Tag: Margaret River

Devil’s Lair Margaret River Cabernet Sauvignon 2014

Devil’s Lair is a brand owned by Treasury Wine Estates and this is the 2014 vintage of their cabernet sauvignon from the Margaret River.  It opens to aromatics of clove and eucalyptus, the latter a character that I notice in a lot of Margaret River cabernets.  The palate is dry and somewhat stern in bearing, overly so for me.  Rating: Good. Abv: 14.5%. Price: $40. Website: www.devils-lair.com.au

Langtons Classification VII – trends, promotions and demotions

The new Langtons classification (classification VII) of Australian wine was released last week.  It is stated to measure the performance of wines in an open market, with the condition of entry being 10 vintages and a track record in the secondary market.  The list has been prepared for many years now, and is prepared by Langtons, a company that forms part of an Australian supermarket conglomerate.  You can read it here.

It’s actually a pretty interesting list, even though it is easy to cynical about lists and since it’s wine, everyone has a view.  The facts are it captures many, perhaps almost all, of Australia’s great wines and helps provide an easy reference point to quality Australian wine for expert and new comer alike.  I think it therefore is of use.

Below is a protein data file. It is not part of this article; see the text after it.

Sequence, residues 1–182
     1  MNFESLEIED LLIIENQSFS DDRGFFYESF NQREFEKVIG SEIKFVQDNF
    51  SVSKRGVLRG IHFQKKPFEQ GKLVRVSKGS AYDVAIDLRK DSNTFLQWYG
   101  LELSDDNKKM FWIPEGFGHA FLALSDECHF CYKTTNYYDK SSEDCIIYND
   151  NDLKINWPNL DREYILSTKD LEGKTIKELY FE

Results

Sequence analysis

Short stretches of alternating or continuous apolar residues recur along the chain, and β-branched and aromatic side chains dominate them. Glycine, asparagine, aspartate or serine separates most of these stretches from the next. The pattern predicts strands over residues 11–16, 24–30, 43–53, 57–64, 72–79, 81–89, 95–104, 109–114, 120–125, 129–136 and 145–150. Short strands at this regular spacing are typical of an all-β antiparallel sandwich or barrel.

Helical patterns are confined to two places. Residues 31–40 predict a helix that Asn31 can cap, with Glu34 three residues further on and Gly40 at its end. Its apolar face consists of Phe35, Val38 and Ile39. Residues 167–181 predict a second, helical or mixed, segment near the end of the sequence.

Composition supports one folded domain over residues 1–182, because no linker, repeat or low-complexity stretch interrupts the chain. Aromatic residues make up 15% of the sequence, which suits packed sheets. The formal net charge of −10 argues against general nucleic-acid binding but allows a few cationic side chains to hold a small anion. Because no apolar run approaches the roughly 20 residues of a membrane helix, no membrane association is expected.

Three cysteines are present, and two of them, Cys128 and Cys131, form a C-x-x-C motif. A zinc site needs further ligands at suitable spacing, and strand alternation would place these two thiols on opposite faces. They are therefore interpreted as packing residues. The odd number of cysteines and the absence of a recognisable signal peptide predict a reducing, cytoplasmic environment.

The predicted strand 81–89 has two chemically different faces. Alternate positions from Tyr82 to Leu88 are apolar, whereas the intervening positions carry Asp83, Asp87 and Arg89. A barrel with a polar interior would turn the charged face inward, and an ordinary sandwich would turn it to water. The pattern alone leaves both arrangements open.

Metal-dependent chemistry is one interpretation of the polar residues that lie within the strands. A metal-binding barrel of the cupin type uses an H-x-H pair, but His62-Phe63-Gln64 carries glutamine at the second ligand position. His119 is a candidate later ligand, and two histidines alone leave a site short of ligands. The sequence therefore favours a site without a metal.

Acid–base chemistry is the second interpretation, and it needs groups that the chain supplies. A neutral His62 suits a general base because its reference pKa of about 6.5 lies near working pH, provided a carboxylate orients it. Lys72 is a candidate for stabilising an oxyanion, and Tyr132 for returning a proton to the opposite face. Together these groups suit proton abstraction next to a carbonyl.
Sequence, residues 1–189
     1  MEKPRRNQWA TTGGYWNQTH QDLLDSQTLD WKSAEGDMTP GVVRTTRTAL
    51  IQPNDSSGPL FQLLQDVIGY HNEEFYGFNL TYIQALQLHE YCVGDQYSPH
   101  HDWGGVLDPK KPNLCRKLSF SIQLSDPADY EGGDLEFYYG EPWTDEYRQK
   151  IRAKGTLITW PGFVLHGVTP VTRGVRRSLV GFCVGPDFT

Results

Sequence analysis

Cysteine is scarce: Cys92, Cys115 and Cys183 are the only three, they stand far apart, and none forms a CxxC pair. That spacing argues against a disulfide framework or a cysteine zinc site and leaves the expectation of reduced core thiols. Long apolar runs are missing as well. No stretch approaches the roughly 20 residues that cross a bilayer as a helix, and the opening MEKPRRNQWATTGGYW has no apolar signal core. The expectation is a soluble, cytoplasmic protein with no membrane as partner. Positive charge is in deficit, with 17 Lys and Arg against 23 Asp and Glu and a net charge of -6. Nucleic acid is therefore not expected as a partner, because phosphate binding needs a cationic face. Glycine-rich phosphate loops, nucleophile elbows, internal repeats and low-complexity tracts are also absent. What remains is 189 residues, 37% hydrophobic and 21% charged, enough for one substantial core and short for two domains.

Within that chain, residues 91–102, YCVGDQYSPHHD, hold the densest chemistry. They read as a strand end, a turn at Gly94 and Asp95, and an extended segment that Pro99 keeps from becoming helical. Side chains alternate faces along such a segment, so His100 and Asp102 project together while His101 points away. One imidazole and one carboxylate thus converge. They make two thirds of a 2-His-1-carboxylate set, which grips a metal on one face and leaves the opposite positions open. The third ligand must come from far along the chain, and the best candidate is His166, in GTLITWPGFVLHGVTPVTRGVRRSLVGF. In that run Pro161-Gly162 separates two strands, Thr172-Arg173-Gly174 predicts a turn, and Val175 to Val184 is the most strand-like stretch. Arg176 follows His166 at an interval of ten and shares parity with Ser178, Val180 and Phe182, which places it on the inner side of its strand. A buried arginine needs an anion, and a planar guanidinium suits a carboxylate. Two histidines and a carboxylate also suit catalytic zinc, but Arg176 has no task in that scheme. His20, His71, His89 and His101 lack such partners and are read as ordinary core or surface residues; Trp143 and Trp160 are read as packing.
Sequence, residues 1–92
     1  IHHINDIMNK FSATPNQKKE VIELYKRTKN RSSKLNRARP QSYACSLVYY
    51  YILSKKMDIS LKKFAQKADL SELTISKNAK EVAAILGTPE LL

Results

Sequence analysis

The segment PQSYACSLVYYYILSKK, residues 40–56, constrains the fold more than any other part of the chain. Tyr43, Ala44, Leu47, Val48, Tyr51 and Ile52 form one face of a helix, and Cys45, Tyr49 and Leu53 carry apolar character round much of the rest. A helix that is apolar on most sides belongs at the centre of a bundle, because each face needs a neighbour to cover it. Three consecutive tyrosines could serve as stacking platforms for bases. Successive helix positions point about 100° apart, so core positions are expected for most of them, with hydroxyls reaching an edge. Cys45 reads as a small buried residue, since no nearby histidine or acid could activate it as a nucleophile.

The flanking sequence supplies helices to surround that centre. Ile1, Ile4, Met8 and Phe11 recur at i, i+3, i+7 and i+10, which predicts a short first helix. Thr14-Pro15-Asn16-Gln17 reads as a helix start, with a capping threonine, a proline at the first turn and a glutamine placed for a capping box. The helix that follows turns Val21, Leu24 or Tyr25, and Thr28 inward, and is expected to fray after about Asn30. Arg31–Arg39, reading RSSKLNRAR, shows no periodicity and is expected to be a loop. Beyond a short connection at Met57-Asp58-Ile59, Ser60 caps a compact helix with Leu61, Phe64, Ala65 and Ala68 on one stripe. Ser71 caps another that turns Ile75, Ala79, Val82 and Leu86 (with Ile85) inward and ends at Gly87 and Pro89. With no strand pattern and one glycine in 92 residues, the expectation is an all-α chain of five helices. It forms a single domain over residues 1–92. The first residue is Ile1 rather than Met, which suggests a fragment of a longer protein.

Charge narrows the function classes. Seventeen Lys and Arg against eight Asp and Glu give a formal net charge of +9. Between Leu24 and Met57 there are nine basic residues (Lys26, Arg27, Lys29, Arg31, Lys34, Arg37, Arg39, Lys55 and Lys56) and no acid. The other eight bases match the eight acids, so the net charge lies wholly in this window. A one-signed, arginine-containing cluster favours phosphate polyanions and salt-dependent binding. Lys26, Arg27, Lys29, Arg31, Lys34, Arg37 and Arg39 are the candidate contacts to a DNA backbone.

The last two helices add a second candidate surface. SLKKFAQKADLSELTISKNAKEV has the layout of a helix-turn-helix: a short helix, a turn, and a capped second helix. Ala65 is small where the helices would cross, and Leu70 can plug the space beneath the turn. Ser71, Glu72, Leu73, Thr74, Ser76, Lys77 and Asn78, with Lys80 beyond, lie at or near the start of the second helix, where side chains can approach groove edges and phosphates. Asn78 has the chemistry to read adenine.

In this post, I wanted to sift through the list to see what has changed, as that is potentially of interest in spotting trends.  So, I am going to look at the promotions, demotions and departures.  The latter two have seemingly, and perhaps unsurprisingly at least from producers, attracted little comment that I have seen.  Here’s what I found.

Promotions at the top level (exceptional)

At the top level, there is only one move, a new entrant.  The new wine is Best’s Thomson Family Great Western Shiraz.  I have tasted this wine on few occasions, but it is a very good wine.  There are many outstanding wines at this level.  I do think though that Grange and Hill of Grace remain above most of them.

Promotions at second level (outstanding)

At the next level, twelve wines were promoted:

1 Best’s Bin 0 Great Western Shiraz
2 By Farr Sangreal Pinot Noir, Geelong
3 Charles Melton Nine Popes Shiraz Grenache Mourvedre, Barossa Valley